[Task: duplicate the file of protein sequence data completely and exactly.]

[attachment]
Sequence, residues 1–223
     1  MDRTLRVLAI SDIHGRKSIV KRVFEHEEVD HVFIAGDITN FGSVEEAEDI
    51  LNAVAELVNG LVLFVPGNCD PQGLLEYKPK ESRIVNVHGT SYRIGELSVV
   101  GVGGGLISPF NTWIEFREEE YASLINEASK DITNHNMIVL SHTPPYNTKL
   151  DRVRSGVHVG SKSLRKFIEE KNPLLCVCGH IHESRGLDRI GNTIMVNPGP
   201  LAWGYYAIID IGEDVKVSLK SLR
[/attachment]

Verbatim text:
Sequence, residues 1–223
     1  MDRTLRVLAI SDIHGRKSIV KRVFEHEEVD HVFIAGDITN FGSVEEAEDI
    51  LNAVAELVNG LVLFVPGNCD PQGLLEYKPK ESRIVNVHGT SYRIGELSVV
   101  GVGGGLISPF NTWIEFREEE YASLINEASK DITNHNMIVL SHTPPYNTKL
   151  DRVRSGVHVG SKSLRKFIEE KNPLLCVCGH IHESRGLDRI GNTIMVNPGP
   201  LAWGYYAIID IGEDVKVSLK SLR